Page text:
Friday, March 7, 2014

The Moving Average Of Production-Delivery: March 2014

The monthly moving average is a broader scope of production which takes into consideration both Boeing's production and the customers position for delivery. The customer often adds its own standard before delivery such as interiors, special electronics and other customer standards. Boeing additionally pushes fully assembled aircraft with traveled work, which represents extended periods of time in the EMC or the flight line before delivery. This 90 day moving average is an attempt to reflect a better financial prediction based off delivery per month rather than proposed production counts that contain traveled work to be completed or Customer extended time on the flight line awaiting customer standards installed. The 90 day production delivery moving average is a more realistic view of meeting Boeing's 10 production goal as it struggles to implement production change , customer inputs before delivery and 787 completeness testing before that same delivery. In other words, Production completeness bench mark is captured on day of delivery and customer acceptance.

A moving average smooths those Boeing bumps and customers delays into an average number which incorporates months of high numbers and low numbers from actual production flow out the big doors. It engulfs those EMC and Flight line contributions. Finally any customer delay is incorporate with a more representative production to delivery number.

The below numbers are a quick and efficient view, representing the complexity of a production number that Boeing could  use in over-all performance from inception of parts to delivery. The 10 a month goal for 787 must have all the various time flows through a final delivery number per month, rather than factory production in units. Boeing doesn't get paid until the 787 is delivered. That is the investors point of view. This handy chart below is just a reference point for time valuation of money based on production and delivery benchmarks.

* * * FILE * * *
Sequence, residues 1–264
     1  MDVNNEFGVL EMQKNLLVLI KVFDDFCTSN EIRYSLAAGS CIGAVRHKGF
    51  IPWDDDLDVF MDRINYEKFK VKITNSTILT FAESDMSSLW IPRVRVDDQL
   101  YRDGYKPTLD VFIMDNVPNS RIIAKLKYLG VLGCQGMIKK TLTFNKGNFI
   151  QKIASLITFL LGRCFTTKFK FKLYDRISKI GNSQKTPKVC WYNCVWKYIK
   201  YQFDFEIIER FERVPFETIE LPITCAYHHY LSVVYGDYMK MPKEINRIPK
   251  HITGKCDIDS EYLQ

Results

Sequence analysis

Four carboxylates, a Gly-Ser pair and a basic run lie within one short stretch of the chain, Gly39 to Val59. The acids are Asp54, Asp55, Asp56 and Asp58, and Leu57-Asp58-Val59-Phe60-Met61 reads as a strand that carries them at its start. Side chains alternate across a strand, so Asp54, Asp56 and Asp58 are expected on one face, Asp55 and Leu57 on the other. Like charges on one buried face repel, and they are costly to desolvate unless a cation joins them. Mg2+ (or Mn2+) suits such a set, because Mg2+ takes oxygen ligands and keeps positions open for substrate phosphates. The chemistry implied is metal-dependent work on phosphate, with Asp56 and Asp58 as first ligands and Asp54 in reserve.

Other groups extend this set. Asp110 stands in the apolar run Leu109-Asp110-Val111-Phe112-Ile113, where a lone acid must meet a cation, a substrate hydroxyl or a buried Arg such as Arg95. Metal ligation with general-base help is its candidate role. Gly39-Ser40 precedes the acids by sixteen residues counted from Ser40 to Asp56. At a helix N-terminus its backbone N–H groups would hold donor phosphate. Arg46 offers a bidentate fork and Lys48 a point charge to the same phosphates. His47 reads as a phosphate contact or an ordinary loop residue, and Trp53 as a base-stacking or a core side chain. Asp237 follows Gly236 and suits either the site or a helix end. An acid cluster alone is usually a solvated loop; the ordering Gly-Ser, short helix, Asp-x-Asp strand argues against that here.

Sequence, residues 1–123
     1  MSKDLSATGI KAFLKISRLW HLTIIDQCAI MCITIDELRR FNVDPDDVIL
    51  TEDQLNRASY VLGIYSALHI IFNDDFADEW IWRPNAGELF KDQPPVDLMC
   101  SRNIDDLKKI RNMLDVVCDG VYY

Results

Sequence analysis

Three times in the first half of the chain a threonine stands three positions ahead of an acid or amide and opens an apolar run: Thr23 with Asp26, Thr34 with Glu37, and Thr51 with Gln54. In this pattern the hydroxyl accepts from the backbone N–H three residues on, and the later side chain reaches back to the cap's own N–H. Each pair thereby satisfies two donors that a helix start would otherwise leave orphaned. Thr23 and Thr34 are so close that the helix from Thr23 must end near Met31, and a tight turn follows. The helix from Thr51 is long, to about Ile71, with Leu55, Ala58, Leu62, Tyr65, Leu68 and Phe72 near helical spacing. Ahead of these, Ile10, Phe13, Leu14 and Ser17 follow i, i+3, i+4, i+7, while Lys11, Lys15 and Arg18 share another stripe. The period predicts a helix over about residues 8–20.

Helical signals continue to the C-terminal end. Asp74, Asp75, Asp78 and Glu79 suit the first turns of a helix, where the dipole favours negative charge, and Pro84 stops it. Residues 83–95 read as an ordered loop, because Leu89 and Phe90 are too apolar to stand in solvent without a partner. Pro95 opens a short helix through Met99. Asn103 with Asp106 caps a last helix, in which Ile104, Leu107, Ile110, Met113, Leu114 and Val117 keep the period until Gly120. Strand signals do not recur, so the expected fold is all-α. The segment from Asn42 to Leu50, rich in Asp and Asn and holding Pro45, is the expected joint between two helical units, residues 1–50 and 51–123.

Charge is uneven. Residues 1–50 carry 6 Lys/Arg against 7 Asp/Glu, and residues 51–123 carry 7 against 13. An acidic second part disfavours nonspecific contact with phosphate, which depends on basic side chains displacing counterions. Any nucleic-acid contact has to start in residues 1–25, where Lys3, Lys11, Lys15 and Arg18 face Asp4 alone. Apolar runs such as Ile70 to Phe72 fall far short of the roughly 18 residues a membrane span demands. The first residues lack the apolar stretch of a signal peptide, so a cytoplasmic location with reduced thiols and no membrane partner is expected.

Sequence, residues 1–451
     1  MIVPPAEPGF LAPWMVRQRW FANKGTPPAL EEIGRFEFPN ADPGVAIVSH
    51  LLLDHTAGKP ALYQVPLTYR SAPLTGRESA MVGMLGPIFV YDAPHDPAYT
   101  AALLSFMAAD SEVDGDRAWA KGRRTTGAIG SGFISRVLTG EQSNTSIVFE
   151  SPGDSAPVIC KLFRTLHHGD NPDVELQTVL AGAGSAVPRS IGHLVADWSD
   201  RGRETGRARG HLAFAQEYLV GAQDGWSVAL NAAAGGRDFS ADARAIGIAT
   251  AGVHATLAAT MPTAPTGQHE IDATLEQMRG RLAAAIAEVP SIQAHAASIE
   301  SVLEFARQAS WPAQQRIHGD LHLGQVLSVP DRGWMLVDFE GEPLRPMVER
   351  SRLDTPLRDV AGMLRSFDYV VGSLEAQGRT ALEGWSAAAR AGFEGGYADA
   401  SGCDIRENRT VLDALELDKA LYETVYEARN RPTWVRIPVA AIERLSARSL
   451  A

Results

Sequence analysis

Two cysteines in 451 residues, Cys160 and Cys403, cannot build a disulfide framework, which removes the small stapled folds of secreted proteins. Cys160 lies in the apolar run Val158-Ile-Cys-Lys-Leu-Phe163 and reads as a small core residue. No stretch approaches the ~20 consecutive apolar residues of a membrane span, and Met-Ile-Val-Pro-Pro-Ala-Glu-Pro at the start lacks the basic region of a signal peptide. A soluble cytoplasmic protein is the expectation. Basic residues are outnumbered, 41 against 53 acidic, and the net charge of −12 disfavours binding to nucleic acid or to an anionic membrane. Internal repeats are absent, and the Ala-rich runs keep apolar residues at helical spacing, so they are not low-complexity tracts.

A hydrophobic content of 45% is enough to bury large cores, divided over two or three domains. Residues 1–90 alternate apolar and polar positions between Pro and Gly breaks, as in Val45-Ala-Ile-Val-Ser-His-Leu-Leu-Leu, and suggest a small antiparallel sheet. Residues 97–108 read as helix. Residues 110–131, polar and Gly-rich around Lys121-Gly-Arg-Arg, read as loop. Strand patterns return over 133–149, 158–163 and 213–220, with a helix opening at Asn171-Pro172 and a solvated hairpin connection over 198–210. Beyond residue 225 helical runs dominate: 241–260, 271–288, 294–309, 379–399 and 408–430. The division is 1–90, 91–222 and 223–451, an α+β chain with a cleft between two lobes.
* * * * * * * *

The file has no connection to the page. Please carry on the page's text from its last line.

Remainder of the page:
Goal +/-                   12/2013   01/2014 02/2014  *03/2014  *Projected Mo
Month Deliveries            11               4               4              10
3 M-M-avg                       8.7            8.0              6.3           6.0
Production Goal             10             10               10            10
Production Trend (+/- ) -1.3        - 2.0               -3.7        -4.0

The production/Delivery  trend indicates Boeing is currently falling downhill in the first part of the year. My expectation, Boeing is holding a backlog of production examples, through its decisions that it has in the works at South Carolina, and is regrouping the mid-section unit in Charleston. Boeing is also doing some regrouping of effort  in both Everett and Charleston during this part of the year. By third quarter when the 787-9 starts delivery Boeing and its customers begin a strong march towards a + 10 a month number in sucession. The minus  numbers (production trend) a month will evaporate by May and begin a solid position at the 10 level of production and delivery reign, until the backlog is caught up.  By years end Boeing will have 200 flying copies in customer hands. That coincidentally will shadow the A350 entry into service.

Boeing needed a five year head start with its technology leap over the A350. Airbus took the low road to catch up with Boeing on an all new plastic airplane. But it did not catch-up at all with Boeing's overly complex and efficient aircraft. The Airbus fails by using dumbed down hydraulics and not using something similar to Boeing's robust core systems as found on the 787. When Boeing flies its 200+ 787 by years end, its leap in technology will have a completely smoothed out "Technological Gap" over Airbus from glitching. The only change that I can see coming from Boeing is testing and installing a new type of LI-Ion battery as science stabilises the L-I from  labs. That effort is on track at this time with new battery substrates at the molecular level absolutely calming any heat problems.